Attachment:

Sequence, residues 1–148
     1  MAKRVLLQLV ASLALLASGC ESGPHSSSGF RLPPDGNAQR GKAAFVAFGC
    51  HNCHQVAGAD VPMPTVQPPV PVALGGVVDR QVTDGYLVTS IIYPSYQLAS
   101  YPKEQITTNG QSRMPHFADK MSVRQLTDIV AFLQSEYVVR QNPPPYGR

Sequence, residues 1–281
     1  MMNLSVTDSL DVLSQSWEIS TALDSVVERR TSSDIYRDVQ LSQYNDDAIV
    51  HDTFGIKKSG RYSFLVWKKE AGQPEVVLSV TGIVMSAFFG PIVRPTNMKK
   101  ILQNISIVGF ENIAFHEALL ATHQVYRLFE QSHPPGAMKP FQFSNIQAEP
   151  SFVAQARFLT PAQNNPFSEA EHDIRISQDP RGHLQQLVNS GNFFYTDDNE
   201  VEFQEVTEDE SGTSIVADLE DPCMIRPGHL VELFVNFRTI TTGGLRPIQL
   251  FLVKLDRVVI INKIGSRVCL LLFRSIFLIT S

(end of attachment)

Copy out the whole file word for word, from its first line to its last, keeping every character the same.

Sequence, residues 1–148
     1  MAKRVLLQLV ASLALLASGC ESGPHSSSGF RLPPDGNAQR GKAAFVAFGC
    51  HNCHQVAGAD VPMPTVQPPV PVALGGVVDR QVTDGYLVTS IIYPSYQLAS
   101  YPKEQITTNG QSRMPHFADK MSVRQLTDIV AFLQSEYVVR QNPPPYGR

Sequence, residues 1–281
     1  MMNLSVTDSL DVLSQSWEIS TALDSVVERR TSSDIYRDVQ LSQYNDDAIV
    51  HDTFGIKKSG RYSFLVWKKE AGQPEVVLSV TGIVMSAFFG PIVRPTNMKK
   101  ILQNISIVGF ENIAFHEALL ATHQVYRLFE QSHPPGAMKP FQFSNIQAEP
   151  SFVAQARFLT PAQNNPFSEA EHDIRISQDP RGHLQQLVNS GNFFYTDDNE
   201  VEFQEVTEDE SGTSIVADLE DPCMIRPGHL VELFVNFRTI TTGGLRPIQL
   251  FLVKLDRVVI INKIGSRVCL LLFRSIFLIT S